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Kroger begins autonomous grocery delivery in Houston

Launch tests self-driving vehicles in bigger market

The Kroger Co. has kicked off online grocery delivery with Nuro self-driving cars in Houston.

Kroger said Wednesday that the Nuro delivery service is available now at its 10306 South Post Oak Rd. store and is slated to launch at its 5150 Buffalo Speedway store later this spring. Through the two locations, both under the Kroger banner, Nuro vehicles will serve the 77401, 77096, 77005 and 77025 ZIP codes.

Cincinnati-based Kroger and Nuro, a Mountain View, Calif.-based provider of robotics and artificial intelligence technology, had announced plans for the pilot last month. The test initially will use Nuro's manual and self-driving Toyota Prius cars and later this year will add Nuro's R1 custom unmanned vehicle.

The Houston pilot is Kroger’s second with the Nuro vehicles and will test the technology in a more populous metropolitan market. The companies, which announced their partnership last June, began testing autonomous delivery at a Fry’s Food Store in Scottsdale, Ariz., in August 2018 and then went live with the service in December.

"We're excited to launch our autonomous vehicle delivery pilot with Nuro in Houston, a leading city that embraces innovation and technology," Marlene Stewart, Houston division president at Kroger, said in a statement. "Kroger continues to redefine the customer experience, and we're thrilled to provide our customers with a new way to have their groceries delivered. We thank Texas Gov. Greg Abbott, Houston Mayor Sylvester Turner and the Houston community for being terrific partners and for supporting consumer-focused robotics."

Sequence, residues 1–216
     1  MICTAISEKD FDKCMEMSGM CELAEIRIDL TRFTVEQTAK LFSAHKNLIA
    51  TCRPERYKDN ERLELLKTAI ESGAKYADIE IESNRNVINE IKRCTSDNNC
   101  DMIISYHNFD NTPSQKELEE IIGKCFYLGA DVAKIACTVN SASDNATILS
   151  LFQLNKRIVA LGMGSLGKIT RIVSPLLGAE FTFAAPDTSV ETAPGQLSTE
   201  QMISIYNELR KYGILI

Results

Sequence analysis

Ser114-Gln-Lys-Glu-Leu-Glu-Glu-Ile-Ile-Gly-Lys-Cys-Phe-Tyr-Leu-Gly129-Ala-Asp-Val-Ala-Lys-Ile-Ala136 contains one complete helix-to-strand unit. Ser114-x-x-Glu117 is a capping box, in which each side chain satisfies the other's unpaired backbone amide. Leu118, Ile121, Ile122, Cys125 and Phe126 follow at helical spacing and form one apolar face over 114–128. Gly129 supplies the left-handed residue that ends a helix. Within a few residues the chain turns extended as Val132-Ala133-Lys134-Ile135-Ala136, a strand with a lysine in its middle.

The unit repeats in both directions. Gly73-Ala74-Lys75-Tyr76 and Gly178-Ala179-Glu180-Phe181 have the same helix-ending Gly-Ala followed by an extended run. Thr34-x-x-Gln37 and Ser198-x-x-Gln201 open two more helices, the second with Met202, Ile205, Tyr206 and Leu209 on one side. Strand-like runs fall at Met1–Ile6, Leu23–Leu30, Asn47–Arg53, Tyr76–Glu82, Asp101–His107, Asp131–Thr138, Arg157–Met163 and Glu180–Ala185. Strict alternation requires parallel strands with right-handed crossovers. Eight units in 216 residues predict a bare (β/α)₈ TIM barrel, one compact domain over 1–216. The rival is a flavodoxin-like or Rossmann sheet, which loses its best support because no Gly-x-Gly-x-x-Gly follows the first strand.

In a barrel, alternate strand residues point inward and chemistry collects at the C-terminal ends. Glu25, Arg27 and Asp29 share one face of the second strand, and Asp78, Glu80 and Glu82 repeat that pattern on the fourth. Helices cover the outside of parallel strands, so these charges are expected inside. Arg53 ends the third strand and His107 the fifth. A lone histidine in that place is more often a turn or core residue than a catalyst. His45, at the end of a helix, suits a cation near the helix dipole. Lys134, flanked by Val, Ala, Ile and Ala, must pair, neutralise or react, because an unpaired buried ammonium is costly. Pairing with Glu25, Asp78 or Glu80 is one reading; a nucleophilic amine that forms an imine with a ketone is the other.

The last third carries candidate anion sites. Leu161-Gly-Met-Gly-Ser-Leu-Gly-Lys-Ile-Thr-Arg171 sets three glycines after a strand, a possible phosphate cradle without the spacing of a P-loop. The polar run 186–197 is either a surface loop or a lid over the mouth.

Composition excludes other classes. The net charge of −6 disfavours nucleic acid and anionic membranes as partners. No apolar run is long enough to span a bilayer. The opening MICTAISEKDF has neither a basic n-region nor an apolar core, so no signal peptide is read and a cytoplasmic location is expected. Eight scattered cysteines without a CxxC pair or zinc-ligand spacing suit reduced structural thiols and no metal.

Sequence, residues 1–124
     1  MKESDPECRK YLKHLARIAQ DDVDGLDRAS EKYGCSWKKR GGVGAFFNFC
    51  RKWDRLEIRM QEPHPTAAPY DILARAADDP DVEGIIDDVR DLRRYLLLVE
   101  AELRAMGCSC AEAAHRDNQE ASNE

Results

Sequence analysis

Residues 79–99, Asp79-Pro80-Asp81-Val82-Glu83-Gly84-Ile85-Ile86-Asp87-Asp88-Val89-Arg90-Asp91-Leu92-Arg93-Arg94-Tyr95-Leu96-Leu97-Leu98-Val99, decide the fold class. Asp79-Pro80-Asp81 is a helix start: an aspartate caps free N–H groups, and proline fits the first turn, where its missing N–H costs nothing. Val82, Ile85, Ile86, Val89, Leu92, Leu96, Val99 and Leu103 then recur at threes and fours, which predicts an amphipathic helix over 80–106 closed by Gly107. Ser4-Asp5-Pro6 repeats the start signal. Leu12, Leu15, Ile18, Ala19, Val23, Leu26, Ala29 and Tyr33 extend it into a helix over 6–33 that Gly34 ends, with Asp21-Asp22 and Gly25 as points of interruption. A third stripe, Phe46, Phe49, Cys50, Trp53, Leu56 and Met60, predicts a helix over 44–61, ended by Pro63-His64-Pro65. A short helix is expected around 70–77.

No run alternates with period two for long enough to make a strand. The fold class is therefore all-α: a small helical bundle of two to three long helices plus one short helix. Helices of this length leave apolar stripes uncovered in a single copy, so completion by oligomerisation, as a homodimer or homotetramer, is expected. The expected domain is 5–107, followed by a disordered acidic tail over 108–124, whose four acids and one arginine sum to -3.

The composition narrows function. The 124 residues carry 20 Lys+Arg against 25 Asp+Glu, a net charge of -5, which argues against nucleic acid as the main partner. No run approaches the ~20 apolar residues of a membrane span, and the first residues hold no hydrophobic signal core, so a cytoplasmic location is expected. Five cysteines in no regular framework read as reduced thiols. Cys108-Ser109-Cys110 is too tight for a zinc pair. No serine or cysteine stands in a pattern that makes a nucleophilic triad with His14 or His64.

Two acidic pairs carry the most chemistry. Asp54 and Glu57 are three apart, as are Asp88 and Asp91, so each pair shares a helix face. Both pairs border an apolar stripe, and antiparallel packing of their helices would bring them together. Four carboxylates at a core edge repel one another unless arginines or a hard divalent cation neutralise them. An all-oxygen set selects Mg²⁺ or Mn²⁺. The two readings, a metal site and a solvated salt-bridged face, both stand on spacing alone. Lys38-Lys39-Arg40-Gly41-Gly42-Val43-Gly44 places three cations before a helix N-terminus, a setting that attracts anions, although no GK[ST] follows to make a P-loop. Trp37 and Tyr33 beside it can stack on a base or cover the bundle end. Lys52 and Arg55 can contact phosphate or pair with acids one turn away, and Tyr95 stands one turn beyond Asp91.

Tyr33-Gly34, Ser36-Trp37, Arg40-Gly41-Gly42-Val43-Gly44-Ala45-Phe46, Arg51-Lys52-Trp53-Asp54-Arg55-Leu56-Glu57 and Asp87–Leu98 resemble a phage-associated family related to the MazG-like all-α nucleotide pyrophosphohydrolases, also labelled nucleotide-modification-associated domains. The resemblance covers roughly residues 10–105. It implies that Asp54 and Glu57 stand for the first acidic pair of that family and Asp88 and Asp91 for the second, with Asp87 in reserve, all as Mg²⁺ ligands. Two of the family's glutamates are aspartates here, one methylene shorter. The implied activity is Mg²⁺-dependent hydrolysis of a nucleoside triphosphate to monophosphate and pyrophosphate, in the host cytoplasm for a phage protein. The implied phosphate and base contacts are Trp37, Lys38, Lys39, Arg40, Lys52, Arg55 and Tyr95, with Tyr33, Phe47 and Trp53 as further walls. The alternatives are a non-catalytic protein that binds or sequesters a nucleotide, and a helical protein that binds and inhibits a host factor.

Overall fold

Customers in the Houston ZIP codes served by the program will be able to place orders for same-day or next-day delivery via Kroger.com or the Kroger mobile app, based on time-slot availability. Available daily, the service will carry a $5.95 flat fee and require no minimum order.

In the Scottsdale pilot, which served one ZIP code, the service safely completed thousands of deliveries to customers, according to Kroger and Nuro. That test also started out using Nuro's Prius fleet and then switched to the driverless Nuro R1 vehicle.

Nuro noted that its latest launch with Kroger represents the first public use of its self-driving fleet in Houston.

"Nuro's initial application of transporting goods through self-driving technology has allowed us to build a real service and have immediate impact on communities," said Nuro co-founder Dave Ferguson. "We are excited to introduce Houston to our time-saving service that provides customers with their groceries quickly and safely."

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